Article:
I remember many an early morning mocking my friend as he donned his wetsuit on a cold January morning as early as sun up. As he would grab his surfboard and leave the apartment, just as hung over as I was, I would think to myself,” He must be insane. It’s twenty degrees out, and he is going surfing in the cold ocean.” Who would have thought my views would change so drastically in the future?
Ever since I was a small child, I have always been searching for an adrenaline rush. Whether it was climbing a tree, jumping my bike, or in recent years, firefighting, rock climbing, and snowboarding, however, the thought of subjecting myself to the brutality of the elements like that seemed absurd. For the most part I have always been eager to experience new and exciting things. I hope to skydive, and maybe even bungee jump someday. It is fun to cheat death with each new experience. The thought of surfing seemed fun, maybe if I was in California, but my thoughts were,” There aren’t any waves in New Hampshire,” about which I would later be proven wrong.
After much prodding, I finally agreed to give surfing a chance. It seemed like forever and a day before the opportunity arose for me to surf for the first time. Day after day, I called the surf report with the same message,” nothing today, but there’s a storm brewing off the coast, maybe some waves for the weekend.” I thought I would never get the chance to surf. While at work one morning, plodding through the beginning of yet another long day, my friend Chris called to inform me that the storm had finally hit the coast. The surf was head high plus, which is 6-8 feet. That is abnormally big for us in New England. I was excited. After all this time, I was finally going to learn how to surf. I had a hard time focusing that day on my work. My mind and thoughts were on the ocean and what lay ahead for me. Finally, time to punch out and see what fate awaited me. I drove like a madman to Chris’s house. Quickly we loaded the truck up with the two surfboards and wetsuits. I really hoped I would enjoy surfing, especially after an astronomical investment of over five hundred dollars.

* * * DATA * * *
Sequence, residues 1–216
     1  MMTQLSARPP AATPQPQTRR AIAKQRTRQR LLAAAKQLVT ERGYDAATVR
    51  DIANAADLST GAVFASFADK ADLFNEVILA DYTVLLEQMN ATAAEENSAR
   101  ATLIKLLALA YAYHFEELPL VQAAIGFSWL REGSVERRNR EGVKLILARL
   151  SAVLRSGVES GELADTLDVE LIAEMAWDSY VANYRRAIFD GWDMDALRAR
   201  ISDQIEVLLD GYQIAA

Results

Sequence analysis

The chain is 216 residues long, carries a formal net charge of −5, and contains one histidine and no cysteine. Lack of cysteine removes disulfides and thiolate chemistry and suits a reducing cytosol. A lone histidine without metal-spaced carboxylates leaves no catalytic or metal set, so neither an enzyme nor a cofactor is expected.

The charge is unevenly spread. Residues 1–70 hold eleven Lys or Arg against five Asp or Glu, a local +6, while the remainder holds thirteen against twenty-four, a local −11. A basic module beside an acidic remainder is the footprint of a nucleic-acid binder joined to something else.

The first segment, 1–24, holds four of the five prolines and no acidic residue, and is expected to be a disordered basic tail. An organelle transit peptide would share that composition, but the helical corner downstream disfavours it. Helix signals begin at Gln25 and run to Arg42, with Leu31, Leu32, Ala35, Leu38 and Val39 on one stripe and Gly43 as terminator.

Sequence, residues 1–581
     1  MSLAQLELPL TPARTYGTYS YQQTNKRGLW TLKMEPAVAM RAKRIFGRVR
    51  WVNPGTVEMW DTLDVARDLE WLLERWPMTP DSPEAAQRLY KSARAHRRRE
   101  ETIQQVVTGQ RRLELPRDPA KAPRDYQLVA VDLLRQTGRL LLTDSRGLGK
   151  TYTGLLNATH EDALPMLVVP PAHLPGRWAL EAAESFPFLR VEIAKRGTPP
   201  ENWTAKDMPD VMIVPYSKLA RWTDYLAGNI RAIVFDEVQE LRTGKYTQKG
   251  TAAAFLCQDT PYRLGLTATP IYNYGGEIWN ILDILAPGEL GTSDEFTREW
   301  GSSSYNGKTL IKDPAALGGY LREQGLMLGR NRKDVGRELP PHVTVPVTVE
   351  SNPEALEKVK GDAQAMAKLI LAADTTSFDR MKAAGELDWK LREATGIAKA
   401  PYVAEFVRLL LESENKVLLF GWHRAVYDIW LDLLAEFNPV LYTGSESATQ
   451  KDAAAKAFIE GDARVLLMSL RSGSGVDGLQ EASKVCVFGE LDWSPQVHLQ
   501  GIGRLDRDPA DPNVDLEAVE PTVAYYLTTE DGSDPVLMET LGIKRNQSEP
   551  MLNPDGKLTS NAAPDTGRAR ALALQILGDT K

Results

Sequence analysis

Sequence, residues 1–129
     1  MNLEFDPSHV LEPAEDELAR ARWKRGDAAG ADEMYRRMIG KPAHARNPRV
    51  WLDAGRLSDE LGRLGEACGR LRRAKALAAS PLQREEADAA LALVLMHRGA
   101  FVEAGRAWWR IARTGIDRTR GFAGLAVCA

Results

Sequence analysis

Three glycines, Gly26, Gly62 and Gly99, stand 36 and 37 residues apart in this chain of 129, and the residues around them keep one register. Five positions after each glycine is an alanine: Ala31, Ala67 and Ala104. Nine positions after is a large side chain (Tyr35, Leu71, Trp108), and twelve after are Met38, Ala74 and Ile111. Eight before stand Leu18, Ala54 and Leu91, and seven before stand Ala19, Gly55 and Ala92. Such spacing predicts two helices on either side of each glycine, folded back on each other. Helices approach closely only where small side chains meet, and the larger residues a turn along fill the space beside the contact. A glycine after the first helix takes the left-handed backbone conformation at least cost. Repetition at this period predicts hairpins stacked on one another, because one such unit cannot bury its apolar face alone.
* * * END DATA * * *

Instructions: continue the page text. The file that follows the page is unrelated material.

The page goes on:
Before I knew it we were on our way to Hampton beach. It was nothing like I had ever seen before. The number of people on surfboards boggled my mind. I never thought there could be that many surfers in New Hampshire. But now I knew why. These gigantic waves were rolling through, crashing with a most impressive force onto the beach. I watched in awe as a surfer caught a beautiful ride. The anticipation and anxiety were mounting as I struggled with my wetsuit. It was getting closer and closer to the moment I would embark onto the ocean, not yet knowing whether I would live or die. I began to realize that my first day out should not be on such a big day, however, my friend quickly made me realize that today was the day. He made me aware that it could be days, maybe even weeks before we got another swell that could hit like this again. That is the moment that I knew today was the day. I had just finished waxing up my board, and it was now time to enter the water. As I walked down the beach, the smell and sound of the ocean seemed to call me. The sharp rocks under my feet didn’t faze me in the least. My mind was set and intent on accomplishing this goal. I was in the water. It seemed cold at first, but my wetsuit quickly went to work and resolved the problem. I walked and walked with my board under my arm until I had to float it on the water. All this time the waves were crashing all around me knocking me over on occasion. This made my trek difficult, but didn’t deter me in my quest.